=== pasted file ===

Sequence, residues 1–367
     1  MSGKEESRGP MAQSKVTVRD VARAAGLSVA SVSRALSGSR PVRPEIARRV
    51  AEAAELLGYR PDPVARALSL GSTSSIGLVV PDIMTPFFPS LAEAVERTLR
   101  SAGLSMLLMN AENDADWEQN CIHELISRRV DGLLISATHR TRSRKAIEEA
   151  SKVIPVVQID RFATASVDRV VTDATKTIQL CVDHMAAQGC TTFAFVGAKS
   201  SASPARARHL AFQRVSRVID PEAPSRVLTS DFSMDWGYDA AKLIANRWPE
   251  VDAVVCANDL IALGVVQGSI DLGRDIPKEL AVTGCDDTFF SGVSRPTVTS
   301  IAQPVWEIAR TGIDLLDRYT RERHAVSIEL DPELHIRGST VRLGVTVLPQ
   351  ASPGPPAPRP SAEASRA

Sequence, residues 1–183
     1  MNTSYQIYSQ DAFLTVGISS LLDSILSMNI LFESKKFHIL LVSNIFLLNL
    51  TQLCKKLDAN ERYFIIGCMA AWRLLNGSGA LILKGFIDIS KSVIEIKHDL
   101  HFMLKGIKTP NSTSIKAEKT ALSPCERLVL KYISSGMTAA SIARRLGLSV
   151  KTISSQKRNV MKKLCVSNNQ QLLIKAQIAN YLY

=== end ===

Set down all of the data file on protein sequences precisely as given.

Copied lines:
Sequence, residues 1–367
     1  MSGKEESRGP MAQSKVTVRD VARAAGLSVA SVSRALSGSR PVRPEIARRV
    51  AEAAELLGYR PDPVARALSL GSTSSIGLVV PDIMTPFFPS LAEAVERTLR
   101  SAGLSMLLMN AENDADWEQN CIHELISRRV DGLLISATHR TRSRKAIEEA
   151  SKVIPVVQID RFATASVDRV VTDATKTIQL CVDHMAAQGC TTFAFVGAKS
   201  SASPARARHL AFQRVSRVID PEAPSRVLTS DFSMDWGYDA AKLIANRWPE
   251  VDAVVCANDL IALGVVQGSI DLGRDIPKEL AVTGCDDTFF SGVSRPTVTS
   301  IAQPVWEIAR TGIDLLDRYT RERHAVSIEL DPELHIRGST VRLGVTVLPQ
   351  ASPGPPAPRP SAEASRA

Sequence, residues 1–183
     1  MNTSYQIYSQ DAFLTVGISS LLDSILSMNI LFESKKFHIL LVSNIFLLNL
    51  TQLCKKLDAN ERYFIIGCMA AWRLLNGSGA LILKGFIDIS KSVIEIKHDL
   101  HFMLKGIKTP NSTSIKAEKT ALSPCERLVL KYISSGMTAA SIARRLGLSV
   151  KTISSQKRNV MKKLCVSNNQ QLLIKAQIAN YLY